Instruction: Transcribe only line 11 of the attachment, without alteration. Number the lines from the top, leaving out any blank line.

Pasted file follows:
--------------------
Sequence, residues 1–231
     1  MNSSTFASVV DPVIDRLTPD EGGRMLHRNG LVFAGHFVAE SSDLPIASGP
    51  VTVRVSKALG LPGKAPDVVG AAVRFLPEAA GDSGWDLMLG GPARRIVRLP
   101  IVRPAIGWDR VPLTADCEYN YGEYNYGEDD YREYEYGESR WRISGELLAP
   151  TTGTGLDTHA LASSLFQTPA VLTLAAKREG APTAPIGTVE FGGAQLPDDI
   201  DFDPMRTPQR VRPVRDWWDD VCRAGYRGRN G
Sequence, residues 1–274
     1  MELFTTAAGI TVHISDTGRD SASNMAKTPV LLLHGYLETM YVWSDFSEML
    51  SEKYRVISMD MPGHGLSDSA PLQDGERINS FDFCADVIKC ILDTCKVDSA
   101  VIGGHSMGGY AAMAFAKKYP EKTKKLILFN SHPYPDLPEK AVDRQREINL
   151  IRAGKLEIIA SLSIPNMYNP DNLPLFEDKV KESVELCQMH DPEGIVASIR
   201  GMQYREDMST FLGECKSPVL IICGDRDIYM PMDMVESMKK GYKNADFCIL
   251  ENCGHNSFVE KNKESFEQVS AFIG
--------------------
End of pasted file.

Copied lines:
   151  IRAGKLEIIA SLSIPNMYNP DNLPLFEDKV KESVELCQMH DPEGIVASIR